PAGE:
Profile: Akin Euba

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Akin Euba has had a wide-ranging career as a broadcaster, scholar composer and performer, spanning over 40 years. As a composer, Euba’s creative idiom derives from his fluency in both the African and Western musical cultures and many of his compositions combine elements from the two.

In his biography of Euba, entitled Akin Euba: An introduction to the life and music of a Nigerian Composer (Bayreuth: Bayreuth African Studies Series 1992) fellow Nigerian Scholar and composer Dr. Joshua Uzoigwe illustrates how Euba copes with the challenge of harmonizing two different cultural idioms. Uzoigwe states "although Akin Euba employs 20th century Western techniques of composition his creative instincts are firmly rooted in the mystical and mythological beliefs of his own people, the Yoruba of Southwestern Nigeria." Euba himself has published widely on the topic of neo-African art music and his various theories and ideas on this subject are nowhere better exemplified than in Euba’s opera Chaka(from Leopold Senghor’s epic poem) for soloist, Yoruba chanter, chorus, dancers and a mixed ensemble of African and Western instruments, which was premiered by the city of Birmingham Touring Opera in a semi-staged performance at the Symphony Hall, Birmingham, England, in September 1995.

One of the concept that form a part of Euba’s theories on neo-African art music is that of an "African Pianism". This concept was pioneered by Akin Euba and first introduced into the literature in his 1970 essay "Traditional Elements as the Basis of New African Art Music" (African Urban Notes 5/4). In order to demonstrate and promote the concept, Euba has staged recitals based on this theme and performed by himself and/or other artists in Bayreuth (1989), Glasgow(1989, London(1990) and 1994), Pittsburgh(1993), Bronxville, Newyork(1996), Ann Arbor, Michigan(1997) and Tampa, Florida(1997).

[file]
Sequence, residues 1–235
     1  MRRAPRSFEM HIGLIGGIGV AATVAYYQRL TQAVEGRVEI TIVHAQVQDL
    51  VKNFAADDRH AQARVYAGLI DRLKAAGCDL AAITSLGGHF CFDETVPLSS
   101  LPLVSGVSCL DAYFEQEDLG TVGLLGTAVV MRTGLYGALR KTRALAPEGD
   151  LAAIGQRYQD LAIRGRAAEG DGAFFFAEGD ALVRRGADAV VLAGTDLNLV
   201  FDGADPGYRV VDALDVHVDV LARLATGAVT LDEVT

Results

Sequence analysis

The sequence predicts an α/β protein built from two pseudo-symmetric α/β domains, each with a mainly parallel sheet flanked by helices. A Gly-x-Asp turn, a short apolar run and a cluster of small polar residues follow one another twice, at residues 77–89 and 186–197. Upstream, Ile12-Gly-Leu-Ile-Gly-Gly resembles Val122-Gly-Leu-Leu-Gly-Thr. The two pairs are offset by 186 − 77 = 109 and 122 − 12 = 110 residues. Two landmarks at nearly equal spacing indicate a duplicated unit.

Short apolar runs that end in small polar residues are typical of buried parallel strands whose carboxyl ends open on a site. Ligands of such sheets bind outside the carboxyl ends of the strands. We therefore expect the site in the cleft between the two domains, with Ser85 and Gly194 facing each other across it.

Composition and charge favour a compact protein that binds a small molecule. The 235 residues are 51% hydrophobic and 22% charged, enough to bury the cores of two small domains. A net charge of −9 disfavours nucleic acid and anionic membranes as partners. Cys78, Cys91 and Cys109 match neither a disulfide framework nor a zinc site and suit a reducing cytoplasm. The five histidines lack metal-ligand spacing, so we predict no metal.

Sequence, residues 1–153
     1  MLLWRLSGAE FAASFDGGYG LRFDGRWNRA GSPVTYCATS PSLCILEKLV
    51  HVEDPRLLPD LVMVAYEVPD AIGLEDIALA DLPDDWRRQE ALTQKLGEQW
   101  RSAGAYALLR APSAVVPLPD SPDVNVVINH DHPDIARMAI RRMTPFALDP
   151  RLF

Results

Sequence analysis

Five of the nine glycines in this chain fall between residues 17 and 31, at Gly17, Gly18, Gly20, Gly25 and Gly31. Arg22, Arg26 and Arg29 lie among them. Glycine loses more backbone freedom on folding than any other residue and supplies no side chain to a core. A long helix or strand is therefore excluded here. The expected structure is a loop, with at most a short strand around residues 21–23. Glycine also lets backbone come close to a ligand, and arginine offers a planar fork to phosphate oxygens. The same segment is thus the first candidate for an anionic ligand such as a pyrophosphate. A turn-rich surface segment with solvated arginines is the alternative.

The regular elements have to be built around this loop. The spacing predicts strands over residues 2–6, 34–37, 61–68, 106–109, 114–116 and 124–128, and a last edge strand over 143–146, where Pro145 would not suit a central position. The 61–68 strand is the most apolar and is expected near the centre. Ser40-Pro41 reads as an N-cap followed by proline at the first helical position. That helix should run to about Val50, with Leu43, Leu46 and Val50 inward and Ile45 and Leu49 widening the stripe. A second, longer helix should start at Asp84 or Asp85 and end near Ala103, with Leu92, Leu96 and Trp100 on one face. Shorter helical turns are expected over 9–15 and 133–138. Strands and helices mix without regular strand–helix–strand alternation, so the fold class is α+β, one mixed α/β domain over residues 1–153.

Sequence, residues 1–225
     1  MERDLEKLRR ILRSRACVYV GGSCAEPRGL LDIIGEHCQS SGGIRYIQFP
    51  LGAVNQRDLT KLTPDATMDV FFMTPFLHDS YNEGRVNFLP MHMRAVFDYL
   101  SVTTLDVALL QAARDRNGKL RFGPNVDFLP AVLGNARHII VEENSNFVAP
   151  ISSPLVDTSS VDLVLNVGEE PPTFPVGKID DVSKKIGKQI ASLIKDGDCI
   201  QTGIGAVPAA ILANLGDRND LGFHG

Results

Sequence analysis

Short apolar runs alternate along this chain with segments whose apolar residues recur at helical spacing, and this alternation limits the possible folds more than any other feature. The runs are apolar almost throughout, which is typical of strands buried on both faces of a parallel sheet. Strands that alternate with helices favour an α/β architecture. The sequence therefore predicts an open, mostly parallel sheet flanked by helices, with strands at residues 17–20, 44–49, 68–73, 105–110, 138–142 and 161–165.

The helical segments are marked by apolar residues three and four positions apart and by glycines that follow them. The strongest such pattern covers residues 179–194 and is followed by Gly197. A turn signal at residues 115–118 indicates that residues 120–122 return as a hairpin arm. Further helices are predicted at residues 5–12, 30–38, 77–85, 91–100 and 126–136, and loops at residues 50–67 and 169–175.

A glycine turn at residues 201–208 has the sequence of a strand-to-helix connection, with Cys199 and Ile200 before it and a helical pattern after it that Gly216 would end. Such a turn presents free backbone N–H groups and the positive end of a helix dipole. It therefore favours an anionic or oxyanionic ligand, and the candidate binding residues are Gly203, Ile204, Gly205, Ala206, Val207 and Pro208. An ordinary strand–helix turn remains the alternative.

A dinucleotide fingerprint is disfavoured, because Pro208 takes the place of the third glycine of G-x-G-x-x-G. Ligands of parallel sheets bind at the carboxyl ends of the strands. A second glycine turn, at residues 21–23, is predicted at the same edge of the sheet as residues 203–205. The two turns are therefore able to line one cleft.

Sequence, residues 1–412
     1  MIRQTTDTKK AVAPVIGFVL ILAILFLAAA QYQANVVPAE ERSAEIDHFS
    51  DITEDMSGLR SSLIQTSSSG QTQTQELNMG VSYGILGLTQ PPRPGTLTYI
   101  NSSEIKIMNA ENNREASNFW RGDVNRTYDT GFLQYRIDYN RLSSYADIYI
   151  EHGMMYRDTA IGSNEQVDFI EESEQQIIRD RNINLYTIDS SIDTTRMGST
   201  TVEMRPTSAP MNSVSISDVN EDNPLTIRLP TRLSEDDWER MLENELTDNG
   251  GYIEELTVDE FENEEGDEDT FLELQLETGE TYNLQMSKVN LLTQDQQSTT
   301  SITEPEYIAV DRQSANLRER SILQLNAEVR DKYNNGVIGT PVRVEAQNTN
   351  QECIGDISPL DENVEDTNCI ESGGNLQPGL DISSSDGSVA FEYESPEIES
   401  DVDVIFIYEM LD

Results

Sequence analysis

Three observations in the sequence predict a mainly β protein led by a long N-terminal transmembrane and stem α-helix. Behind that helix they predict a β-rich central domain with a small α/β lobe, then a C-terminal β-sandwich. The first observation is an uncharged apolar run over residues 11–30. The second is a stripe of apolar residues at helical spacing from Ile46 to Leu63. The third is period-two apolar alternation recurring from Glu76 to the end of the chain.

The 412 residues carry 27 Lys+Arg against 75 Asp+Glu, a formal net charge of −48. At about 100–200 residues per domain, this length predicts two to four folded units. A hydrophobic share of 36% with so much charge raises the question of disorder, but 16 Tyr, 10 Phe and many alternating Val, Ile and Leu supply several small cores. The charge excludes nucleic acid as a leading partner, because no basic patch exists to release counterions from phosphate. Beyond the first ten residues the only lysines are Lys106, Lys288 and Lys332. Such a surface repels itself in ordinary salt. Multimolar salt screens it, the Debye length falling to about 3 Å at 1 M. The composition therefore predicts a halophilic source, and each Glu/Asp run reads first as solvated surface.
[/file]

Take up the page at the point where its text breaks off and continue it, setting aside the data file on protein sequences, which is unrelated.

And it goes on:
Two CDs of Euba’s music(featuring the opera Chaka and the complete works for the piano) are in preparation. Also to be published in printed form is Towards an African Pianism: Collected Works for the Keyboard 1964-1997, consisting of Euba’s compositions for the piano.

As an Africanist with a specialization in musicology, Euba believes that the situations of musical practice in Africa are similar to those of other cultures with similar historical experiences and, and consequently, Euba tends to take a global perspective of the African world of music. This global perspective led him to the concept of modem interculturalism and to the establishment in London in 1988 of the Center for International Music Arts, a British charity, of which Dr. Euba is the founder and director. In this capacity, Euba has organized in London four biennial international symposiums and festivals on the theme " New International Music". This biennial series has provided an important platform for Euba to collaborate with colleagues from various parts of the world in formulating theoretical concepts necessary for the study of modern interculturalism in music. Euba believes that there is a new area of study and research (for example, that which involves scholarly work on Asian and African composers who articulate elements of their indigenous or other world cultures within the frame work of 20th century Western techniques of composition) which cannot be adequately approached either through the field of historical musicology or that of ethnomusicology, and which calls for a new field , described by Euba as "intercultural musicology".

Since joining the University of Pittsburgh in 1993, Euba has initiated a new project, entitled A Bridge Across: Intercultural Composition, Performance, Musicology, which is an extension of Euba’s London activities and is designed to spotlight the works of composers, performers and musicologist through recitals, workshops, lectures, residencies and so forth.

Akin Euba is the initiator of several theories and creative concepts which are directly linked to his own dual practice as a composer and musicologist. Apart from those already mentioned, Euba is actively engaged with the theory of "creative ethnomusicology" and has designed a course under this title which he teaches as the University of Pittsburgh. He is also planning a new book, Bridging Ethnomusicology and Composition: A study of J.H. Kwabena Nketia, in which he will use the activities of the Ghanaian ethnomusicology and composer(together with precedents drawn from the careers of Bartok and Kodaly) to explain the theory.

Akin Euba is cited in Brian Morton and Pamela Collins(eds) Contemporary Composers(Chicago and London: St. James’s Press, 1992) and in Eileen Southern Biographical Dictionary of Afro-American and African Musicians (Westport, Connecticut: Greenwood Press, 1982). A major new study of Akin of Euba, written by Mark Clague, will appear in the International Dictionary of Black Composers.

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